After soaring lumber prices fueled conspiracy theories this spring, and challenged homebuilders faced with an inventory shortage, prices are starting to come down.
After soaring lumber prices fueled conspiracy theories this spring, and challenged homebuilders faced with an inventory shortage, those lumber prices are finally beginning to come down from their great heights.
For the first time since late March, lumber prices fell below $1,000 per thousand board feet to $996.20 on futures for July delivery, as of the end of the day on Monday. That price is down about 40 percent from the record $1,711.20 prices hit in early May.
Likewise, cash lumber prices are also dropping sharply. Lumber pricing service Random Lengths told the Wall Street Journal its framing composite index (a metric that tracks price behavior in the U.S. for framing lumber) dropped by a record high of $122 on Friday to $1,324. That tanking of prices comes just a few weeks after the framing composite index rose by its greatest amount ever — $124 — during the first week of May.
For months, skyrocketing lumber prices have impeded home builders, and those indirectly impacted by construction costs in the industry, like first-time buyers trying to enter into the market. So much so, that builder confidence dropped in June to its lowest level since August 2020, amid builders battling the rising costs and limited availability of materials.
The rising cost of lumber has also played a key role in a debate over whether or not the country is on a collision course for a housing bubble primed to burst. Although an Urban Land Institute report released about one month ago suggested that economists did not fear any looming bubble, the sharp drop in lumber prices this week may suggest otherwise. If a bubble has burst with this most recent drop in prices, the question now remains, how much more they could fall.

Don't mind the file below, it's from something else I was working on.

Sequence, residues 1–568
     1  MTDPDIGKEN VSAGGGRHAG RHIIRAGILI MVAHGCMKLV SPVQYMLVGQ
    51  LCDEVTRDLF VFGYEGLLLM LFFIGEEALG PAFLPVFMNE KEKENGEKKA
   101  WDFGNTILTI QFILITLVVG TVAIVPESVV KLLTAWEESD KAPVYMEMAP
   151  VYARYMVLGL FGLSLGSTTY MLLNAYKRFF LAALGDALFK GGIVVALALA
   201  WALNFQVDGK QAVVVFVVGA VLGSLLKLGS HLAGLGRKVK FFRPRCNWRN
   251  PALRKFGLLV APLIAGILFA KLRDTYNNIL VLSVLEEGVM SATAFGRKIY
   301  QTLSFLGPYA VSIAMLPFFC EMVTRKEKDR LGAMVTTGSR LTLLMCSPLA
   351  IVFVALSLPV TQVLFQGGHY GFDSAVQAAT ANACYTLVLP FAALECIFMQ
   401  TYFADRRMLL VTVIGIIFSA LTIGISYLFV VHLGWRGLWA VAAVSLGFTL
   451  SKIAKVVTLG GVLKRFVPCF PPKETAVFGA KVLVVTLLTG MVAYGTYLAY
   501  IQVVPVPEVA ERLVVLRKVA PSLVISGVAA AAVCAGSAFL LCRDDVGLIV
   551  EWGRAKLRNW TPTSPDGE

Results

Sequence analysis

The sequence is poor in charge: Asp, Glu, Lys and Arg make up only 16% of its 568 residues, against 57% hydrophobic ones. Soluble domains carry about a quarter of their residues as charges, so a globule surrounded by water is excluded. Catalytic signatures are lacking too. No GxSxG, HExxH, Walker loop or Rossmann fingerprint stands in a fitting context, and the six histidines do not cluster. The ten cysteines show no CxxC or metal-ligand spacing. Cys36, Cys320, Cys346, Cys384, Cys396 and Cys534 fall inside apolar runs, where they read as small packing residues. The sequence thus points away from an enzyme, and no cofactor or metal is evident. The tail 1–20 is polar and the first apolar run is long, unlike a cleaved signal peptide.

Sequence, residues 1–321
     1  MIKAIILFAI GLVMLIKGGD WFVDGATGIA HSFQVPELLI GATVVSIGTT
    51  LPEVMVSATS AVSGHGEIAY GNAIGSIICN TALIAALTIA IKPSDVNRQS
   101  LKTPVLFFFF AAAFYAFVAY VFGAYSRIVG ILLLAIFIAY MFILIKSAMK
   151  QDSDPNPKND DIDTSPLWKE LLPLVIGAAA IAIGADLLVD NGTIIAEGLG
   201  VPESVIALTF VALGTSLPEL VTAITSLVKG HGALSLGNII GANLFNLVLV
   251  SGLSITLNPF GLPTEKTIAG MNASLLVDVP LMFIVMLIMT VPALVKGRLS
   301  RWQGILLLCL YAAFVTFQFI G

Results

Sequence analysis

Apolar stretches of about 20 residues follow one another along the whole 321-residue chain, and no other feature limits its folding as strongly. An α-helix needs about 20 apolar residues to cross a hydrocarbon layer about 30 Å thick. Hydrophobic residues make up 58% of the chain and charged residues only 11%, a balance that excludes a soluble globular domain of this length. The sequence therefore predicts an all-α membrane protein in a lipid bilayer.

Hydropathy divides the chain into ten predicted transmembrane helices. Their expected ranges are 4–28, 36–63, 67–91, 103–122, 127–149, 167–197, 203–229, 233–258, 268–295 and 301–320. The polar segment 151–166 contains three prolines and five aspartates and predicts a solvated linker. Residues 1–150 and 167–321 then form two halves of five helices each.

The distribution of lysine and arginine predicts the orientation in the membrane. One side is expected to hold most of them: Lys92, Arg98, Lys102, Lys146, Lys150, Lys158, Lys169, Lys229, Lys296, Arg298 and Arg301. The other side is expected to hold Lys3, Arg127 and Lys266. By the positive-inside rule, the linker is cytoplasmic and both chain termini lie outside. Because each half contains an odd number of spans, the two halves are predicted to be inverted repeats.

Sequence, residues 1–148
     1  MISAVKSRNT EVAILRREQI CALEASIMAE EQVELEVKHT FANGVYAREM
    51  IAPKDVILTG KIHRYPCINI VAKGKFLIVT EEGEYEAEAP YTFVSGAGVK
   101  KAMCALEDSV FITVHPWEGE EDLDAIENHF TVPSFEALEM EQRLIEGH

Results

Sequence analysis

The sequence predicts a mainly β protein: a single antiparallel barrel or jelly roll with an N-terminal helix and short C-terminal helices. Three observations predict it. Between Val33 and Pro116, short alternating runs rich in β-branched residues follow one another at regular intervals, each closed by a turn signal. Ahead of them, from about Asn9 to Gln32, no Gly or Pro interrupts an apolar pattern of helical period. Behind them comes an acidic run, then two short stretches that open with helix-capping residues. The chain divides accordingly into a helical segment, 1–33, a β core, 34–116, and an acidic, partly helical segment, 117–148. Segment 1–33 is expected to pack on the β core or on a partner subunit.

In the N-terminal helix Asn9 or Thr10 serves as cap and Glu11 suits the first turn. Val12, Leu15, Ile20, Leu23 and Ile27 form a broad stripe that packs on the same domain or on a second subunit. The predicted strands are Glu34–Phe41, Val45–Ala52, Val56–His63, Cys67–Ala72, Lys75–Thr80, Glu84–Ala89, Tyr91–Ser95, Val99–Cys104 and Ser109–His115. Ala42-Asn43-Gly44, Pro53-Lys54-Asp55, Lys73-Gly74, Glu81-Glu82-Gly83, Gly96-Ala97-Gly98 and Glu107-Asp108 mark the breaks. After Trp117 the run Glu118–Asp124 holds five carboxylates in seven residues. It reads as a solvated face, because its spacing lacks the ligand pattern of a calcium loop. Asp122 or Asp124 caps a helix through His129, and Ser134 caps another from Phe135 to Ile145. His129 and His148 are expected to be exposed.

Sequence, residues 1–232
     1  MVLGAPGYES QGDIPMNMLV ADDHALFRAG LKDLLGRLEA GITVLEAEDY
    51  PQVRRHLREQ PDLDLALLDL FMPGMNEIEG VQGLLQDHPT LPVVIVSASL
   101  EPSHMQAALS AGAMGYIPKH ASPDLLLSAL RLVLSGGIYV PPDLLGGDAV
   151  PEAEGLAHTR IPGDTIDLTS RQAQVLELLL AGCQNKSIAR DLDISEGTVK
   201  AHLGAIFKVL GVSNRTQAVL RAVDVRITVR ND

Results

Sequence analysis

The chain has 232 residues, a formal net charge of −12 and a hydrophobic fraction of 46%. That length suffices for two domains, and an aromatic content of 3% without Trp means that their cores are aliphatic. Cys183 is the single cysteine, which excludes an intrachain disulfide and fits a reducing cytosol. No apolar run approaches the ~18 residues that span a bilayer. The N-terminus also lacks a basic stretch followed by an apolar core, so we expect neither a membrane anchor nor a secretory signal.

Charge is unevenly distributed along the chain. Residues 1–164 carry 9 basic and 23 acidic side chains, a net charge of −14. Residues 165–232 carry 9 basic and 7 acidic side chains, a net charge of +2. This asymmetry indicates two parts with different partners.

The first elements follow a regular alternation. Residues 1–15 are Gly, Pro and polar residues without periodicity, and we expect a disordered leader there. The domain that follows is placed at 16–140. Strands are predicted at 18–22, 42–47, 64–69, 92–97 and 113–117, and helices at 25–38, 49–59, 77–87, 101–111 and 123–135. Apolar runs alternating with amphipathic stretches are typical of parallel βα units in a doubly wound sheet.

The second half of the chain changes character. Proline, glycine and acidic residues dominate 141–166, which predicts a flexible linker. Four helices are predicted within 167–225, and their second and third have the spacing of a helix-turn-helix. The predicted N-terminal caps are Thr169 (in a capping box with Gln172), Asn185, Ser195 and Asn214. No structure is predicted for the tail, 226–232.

Still, industry analysts, like Mark Wilde of Bank of Montreal (BMO), have said that lumber costs will likely remain relatively high for the next year or two because of “strong demand, a limited supply response, and a rising cost curve,” according to Markets Insider. But the chaotic demand spurred by the pandemic will still cool a bit from its hottest point, analysts say.
As lumber prices were still climbing during peak demand, some builders and retailers stocked up on lumber in fear that they’d be stuck in a hard place if demand surpassed their supply. Now, as prices are dropping, those businesses are pushing “shadow inventory” into the market, Mike Wisnefski, a former lumber trader and chief executive of online marketplace MaterialsXchange, told the Wall Street Journal. In other words, companies that typically serve as buyers in the market are now selling lumber from their own stocked up inventory.
“Everyone was buying more than they needed,” Wisnefski said. “There was this fear of lack of availability.”
Recent movement in the stock market also indicates that the sentiment on Wall Street is that lumber prices will continue to decline for a bit.
Last quarter, executives at U.S. timberland company Weyerhaeuser sold $14.6 million in company shares, the most since Q3 2016. Executives at timberland real estate investment trust PotlatchDeltic also sold $12.1 million that quarter, the most they’ve sold since 2003. Meanwhile, Rayonier Inc., owner of Timberland, also saw their heaviest selling by insiders in over 10 years.
“This level of selling is simply unusual and to have this type of alignment among peers like this is unusual,” Ben Silverman, director of research at stocks analytics firm InsiderScore, told the Wall Street Journal. “It shows a consensus within the group about how they are thinking about their stock prices.”